Make Puppet Agnostic Again!

Having spent a handful of years managing multiple implementations of Puppet, I thought it’d be nice to dump some of my learnings into an article.

After a couple years of writing and rewriting various modules, the main points I’ve taken away from it all is to make them agnostic and modular.

By agnostic I mean the module should give you the ability to support multiple operating systems or at the very least allow you to incorporate them easily. In terms of modular, I mean split up your module into multiple manifests rather than a singular monolithic one.


One method I take to ensure my module agnostic is via the use of conditional statements and expressions inside of a params.pp file.

All OS specific information is stored inside of variables which are then separated via conditionals within the params.pp, and then each manifest within the module references the variables. By doing so you are only referencing the one variable while the value of the variable will then differ depending on which conditional it meets. If I’m not making much sense, here’s an example:

class puppet::params {

  # Universal config
  $service_name = "puppet"
  $package_name = "puppet-agent"

  case $::osfamily {
    'Ubuntu': {
      $package_version       = "1.5.0-1"
    'RedHat': {
      $package_version       = "1.5.0-2"
    default: {
      fail("Module ${module_name} is not supported on ${::operatingsystem}")

While there is some basic config that will be shared outside of the case statement, (in this instance) the package versions vary. Therefore via the use of case statements you can then set the package versions depending on which OS the catalog is being applied to.

By using this approach you are able to add support for more operating systems in a simpler and cleaner fashion.

Finally the default condition then allows you to fail the installation of the module if you’re trying to install it on an unsupported OS, while giving you an easy to read error message for debugging.

Another great thing about this method is that all your variables go into one manifest, this then means you only have one place to manage it. All of your other manifests within the module refer to to your params.pp so the rest of your manfiests are able to stay uniform, and don’t contain anything other than the resource statements.


Instead of having a huge monolithic manifest that becomes a ballache to maintain, it’s a lot nicer to break it up. By doing so you can make it easier to decouple the components of the module and make it easier to reference each individual manifest without having to apply everything in one go. Here’s an example of the remaining manifests for the Puppet module:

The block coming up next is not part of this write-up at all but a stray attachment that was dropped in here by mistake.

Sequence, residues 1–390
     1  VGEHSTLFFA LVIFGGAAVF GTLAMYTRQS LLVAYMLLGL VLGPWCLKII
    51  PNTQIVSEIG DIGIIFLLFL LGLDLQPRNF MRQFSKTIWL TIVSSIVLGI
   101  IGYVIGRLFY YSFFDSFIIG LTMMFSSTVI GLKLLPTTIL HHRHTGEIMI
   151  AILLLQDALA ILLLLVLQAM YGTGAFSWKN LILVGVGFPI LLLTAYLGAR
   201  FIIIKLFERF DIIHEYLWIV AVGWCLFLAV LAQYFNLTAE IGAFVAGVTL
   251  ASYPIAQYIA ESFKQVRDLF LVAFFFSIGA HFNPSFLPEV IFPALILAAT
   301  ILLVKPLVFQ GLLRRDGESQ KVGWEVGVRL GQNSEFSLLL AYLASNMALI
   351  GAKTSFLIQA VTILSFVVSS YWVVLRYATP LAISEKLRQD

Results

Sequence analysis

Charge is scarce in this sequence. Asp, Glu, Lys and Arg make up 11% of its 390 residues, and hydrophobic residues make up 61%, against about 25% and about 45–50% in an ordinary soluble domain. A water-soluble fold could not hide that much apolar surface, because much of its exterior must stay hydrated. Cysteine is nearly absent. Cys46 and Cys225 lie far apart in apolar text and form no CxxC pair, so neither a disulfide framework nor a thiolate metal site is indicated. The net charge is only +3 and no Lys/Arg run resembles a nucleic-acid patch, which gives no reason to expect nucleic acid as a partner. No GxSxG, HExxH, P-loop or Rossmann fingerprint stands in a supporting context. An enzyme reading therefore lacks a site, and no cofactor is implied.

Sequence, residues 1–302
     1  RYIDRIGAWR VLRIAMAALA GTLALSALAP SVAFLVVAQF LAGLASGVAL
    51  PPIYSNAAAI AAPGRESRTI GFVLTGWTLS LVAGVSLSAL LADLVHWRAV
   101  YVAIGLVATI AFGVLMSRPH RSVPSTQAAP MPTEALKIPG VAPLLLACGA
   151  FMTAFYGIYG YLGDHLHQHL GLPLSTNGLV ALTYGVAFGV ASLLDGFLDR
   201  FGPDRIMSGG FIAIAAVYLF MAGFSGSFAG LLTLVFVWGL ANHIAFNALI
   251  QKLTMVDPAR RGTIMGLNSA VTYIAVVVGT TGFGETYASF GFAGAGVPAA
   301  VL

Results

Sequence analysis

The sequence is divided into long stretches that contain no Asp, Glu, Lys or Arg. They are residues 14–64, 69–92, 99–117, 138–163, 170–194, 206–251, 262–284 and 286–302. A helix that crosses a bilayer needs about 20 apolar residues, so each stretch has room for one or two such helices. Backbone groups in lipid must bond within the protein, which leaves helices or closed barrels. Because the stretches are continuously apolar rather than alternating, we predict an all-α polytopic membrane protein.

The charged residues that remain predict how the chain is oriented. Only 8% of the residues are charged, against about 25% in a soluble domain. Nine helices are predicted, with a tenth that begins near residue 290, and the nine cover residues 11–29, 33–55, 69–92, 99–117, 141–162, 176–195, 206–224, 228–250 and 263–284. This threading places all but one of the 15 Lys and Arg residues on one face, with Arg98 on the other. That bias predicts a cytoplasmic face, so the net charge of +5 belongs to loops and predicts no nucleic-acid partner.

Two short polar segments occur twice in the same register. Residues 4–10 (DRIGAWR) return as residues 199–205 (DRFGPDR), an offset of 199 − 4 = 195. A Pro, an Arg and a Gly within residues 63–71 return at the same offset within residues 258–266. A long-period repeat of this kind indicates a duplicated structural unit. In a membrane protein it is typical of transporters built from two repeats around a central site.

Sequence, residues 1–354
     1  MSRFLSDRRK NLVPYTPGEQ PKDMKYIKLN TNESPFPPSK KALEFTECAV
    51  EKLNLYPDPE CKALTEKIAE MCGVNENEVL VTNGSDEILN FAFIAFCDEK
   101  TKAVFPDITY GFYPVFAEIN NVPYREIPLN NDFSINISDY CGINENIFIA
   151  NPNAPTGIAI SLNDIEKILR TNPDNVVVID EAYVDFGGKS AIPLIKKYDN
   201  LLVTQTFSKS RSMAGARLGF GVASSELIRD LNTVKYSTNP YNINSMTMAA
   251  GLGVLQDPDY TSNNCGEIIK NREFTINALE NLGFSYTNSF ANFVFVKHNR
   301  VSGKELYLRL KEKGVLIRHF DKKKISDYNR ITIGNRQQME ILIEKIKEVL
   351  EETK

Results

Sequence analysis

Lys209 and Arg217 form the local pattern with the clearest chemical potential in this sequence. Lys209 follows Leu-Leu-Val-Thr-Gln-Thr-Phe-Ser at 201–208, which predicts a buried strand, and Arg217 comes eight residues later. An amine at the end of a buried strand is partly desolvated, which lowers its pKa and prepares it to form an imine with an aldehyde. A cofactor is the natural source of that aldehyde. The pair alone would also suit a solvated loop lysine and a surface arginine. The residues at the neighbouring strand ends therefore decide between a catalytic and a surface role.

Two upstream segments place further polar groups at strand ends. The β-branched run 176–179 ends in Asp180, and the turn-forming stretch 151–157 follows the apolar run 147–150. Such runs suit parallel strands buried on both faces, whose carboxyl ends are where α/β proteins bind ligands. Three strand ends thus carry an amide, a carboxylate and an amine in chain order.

class puppet (
  $puppetmaster  	  = $puppet::params::puppetmaster,
  $package_version 	  = $puppet::params::puppet_version,
  $package_name   	  = $puppet::params::package_name,
  $service_name  	  = $puppet::params::service_name
) inherits puppet::params {

  include ::puppet::client
  include ::puppet::service


class puppet::install (
  $package_version = $puppet::puppet_version,
  $package_name    = $puppet::package_name,
  $service_name    = $puppet::service_name
) {

  # Install puppet and place puppet.conf onto the machine
  package {$package_name:
    ensure => $package_version,
    notify => Service[$service_name]


class puppet::service (
  $package_name    = $puppet::package_name,
  $service_name    = $puppet::service_name
) {

  service {$service_name:
    ensure  => running,
    enable  => true,
    require => Package[$package_name]

A counter argument to this is, when does it become too modular? Approaching a module with this mindest, your number of manifests could get out of hand and start becoming a ballache to manage again. Definitely worth keeping that in mind when you see yourself going down a bit of a rabbit hole.

Puppet Forge#

Before writing any module it’s definitely worth taking a look at Puppet Forge to see if there’s a module out there at will do what you’re looking to achieve. If you use one of the popular modules they are already tried and tested, and if they need any tweaking most will accept sane pull requests. Yay open source.


While I haven’t included this in my examples above, it’s certainly good practise to utilise Hiera. Here’s what Puppet have to say about it:

Hiera makes Puppet better by keeping site-specific data out of your manifests. Puppet classes can request whatever data they need, and your Hiera data will act like a site-wide config file.

This makes it:

  • Easier to configure your own nodes: default data with multiple levels of overrides is finally easy.
  • Easier to re-use public Puppet modules: don’t edit the code, just put the necessary data in Hiera.
  • Easier to publish your own modules for collaboration: no need to worry about cleaning out your data before showing it around, and no more clashing variable names.

Another huge positive to Hiera is the fact that it encrypts all the values set in your YAML files. If that’s not a reason to get using Hiera then what is.

Final Thoughts#

Everything I’ve learnt is from practical experience and imitating popular community modules so please do not take any of this as gospel, or even best practise.

Another thing to keep in mind is that this implementation is a more traditional approach, and isn’t utilising the roles and profiles pattern. I would most certainly recommend using Hiera wherever possible, and follow the profiles and roles approach.

That being said I hope the examples above helps anyone looking to make their Puppet a bit more modular and agnostic.